Prison is no place to get sick. The nation’s incarcerated population is aging rapidly, with nearly four times as many inmates 55 or over as there were at the start of this century. That’s led to increased rates of diabetes and heart disease, among many other problems. Younger offenders are hardly the picture of health, given their high rates of addiction. Altogether, prisoners make up 1 percent of the population, yet they account for 35 percent of the nation’s total cases of hepatitis C. “They are the most expensive segment of the population,” says Marc Stern, a public health professor at the University of Washington, “and they are the sickest.”
For all the care that inmates need, they’re unlikely to receive adequate medical attention. Over the past dozen years or so, a majority of states have contracted out prison health care to private companies. The leading vendors have all been on the receiving end of hundreds of lawsuits. Some are frivolous, but some have led to multimillion-dollar judgments and court orders to change their practices. It’s a problem that could get worse.
Horror stories of needless deaths abound. From Arizona to Florida, prisoners with cancer have been treated with nothing more than Tylenol. A recent Columbia University study found that 97 percent of inmates with hepatitis C do not receive the expensive medication they need. Inmates routinely have to complain of the same symptoms multiple times before they even get to see a doctor, sometimes waiting weeks. There’s no doubt that prisoners have faked illnesses, and escape attempts during medical transfers to hospitals are a real problem. But too often the default attitude among guards and other staff is that inmates are lying about being sick, says Susan Lawrence, a physician and attorney who has worked in prisons.
Lawrence once had a patient in prison with liver cancer. Staff videotaped him working out in the yard to prove he was a fraud. He died a month after she was finally able to treat him. “The man had had rectal bleeding over a year. It was never taken seriously,” Lawrence says. “They didn’t understand how you can still function with metastasis. ‘How bad could it be? He’s working out. How can he have terminal cancer?’”
States often pay private companies on a per-inmate, per-day basis. That creates an incentive to cut costs. The market forces that discipline private providers on the outside, however, don’t apply in prison. There is no consumer choice. An inmate who doesn’t think medical treatment is up to par can’t switch to another prison, let alone a different hospital. And if the state, not the prisoner, is the customer, state officials don’t always know what they’re getting. Record-keeping is notoriously poor, and in some states, the department of corrections doesn’t even receive annual reports from its vendors.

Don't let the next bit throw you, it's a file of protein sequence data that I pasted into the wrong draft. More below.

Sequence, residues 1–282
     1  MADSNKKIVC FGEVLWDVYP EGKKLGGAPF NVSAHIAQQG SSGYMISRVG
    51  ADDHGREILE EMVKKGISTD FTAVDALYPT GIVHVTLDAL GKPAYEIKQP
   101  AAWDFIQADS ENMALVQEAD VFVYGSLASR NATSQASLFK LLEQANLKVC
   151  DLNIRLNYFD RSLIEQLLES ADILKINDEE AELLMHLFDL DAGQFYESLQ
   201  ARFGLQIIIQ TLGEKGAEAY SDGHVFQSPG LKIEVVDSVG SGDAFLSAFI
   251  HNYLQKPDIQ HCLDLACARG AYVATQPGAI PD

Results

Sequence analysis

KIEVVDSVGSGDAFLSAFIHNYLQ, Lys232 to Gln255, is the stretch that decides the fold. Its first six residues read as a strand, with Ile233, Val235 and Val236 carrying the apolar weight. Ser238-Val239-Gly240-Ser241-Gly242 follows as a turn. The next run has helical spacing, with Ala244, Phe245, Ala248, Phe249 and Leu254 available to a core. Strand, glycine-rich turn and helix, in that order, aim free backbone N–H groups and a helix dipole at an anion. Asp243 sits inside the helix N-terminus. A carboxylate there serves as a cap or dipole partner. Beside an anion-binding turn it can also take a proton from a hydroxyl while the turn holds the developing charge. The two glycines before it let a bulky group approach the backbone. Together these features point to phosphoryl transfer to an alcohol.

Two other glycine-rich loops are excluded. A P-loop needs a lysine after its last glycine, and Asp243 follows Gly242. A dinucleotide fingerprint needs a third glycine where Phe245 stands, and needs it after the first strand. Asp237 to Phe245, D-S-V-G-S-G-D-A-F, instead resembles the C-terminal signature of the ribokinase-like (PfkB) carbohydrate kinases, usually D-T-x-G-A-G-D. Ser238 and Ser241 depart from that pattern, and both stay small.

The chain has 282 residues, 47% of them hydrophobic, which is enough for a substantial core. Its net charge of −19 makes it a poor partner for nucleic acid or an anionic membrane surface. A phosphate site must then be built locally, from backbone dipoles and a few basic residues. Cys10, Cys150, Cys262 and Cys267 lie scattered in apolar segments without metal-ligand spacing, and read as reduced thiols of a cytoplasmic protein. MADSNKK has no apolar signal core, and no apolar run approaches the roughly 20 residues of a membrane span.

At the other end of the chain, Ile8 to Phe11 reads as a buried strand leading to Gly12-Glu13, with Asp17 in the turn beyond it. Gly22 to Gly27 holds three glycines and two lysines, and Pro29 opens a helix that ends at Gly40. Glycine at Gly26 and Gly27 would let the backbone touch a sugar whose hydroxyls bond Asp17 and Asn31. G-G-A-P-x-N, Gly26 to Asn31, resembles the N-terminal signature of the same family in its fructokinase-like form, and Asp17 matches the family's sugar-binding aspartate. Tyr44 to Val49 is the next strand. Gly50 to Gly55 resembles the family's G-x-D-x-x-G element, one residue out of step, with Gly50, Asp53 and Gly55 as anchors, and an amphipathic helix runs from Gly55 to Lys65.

When prison health care was first privatized in a major way, there was little reliable actuarial data, so it wasn’t clear what a reasonable price structure would look like. Over time, governments figured that information out and started writing better contracts, but that led to shrinking profit margins for vendors.
There have been other stresses on the business model. What was a growth area a decade ago is now stagnant. The state systems and large jails that are likely to privatize have already done so. With few new contracts out for bidding, providers low-ball one another in order to get business. That leaves yet less money available for care.
There’s been considerable consolidation within the prison health-care field. At this point, there are three major players — Corizon Health, Centurion Managed Care and Wexford Health Sources. States unhappy with their services don’t have many other places to turn. In December, Maryland gave its business to Corizon, having grown dissatisfied with Wexford. A few months later, Corizon was replaced by Centurion in Arizona. That state, which is embroiled in legal battles with a federal court about monitoring and performance measures in prison health, has now used all three companies. “It’s like a game of musical chairs, but there are only three chairs,” says David Fathi, director of the ACLU National Prison Project. “States tend to switch but they can pretty quickly run through all three.”
A change in contractors doesn’t necessarily lead to a change in care. Medical personnel often keep their jobs, particularly at remote rural facilities. The vendors co-opt each other’s staff and cannibalize each other’s business. None of that is good for care. It’s not clear, however, how many prison systems would be able to build their own medical teams back up, even if they wanted to. Having states provide health care themselves is no panacea anyway. Prison health care in California has been under receivership since 2006, when a federal court found that the state’s delivery of medical care did not meet constitutional standards. That’s why Stern, the public health professor, says, “if we focus on [the faults of] privatization, we’re not going to solve the problem.”
Some argue that prison health would improve if it were treated as part of the local community health safety net system. Communities are not immune to what happens inside their prisons, whether it’s opioid addiction or infectious disease. But most taxpayers on the outside don’t see prison health problems affecting their own well-being. The reality may be that treatment for those people society wants to punish will never become a top priority.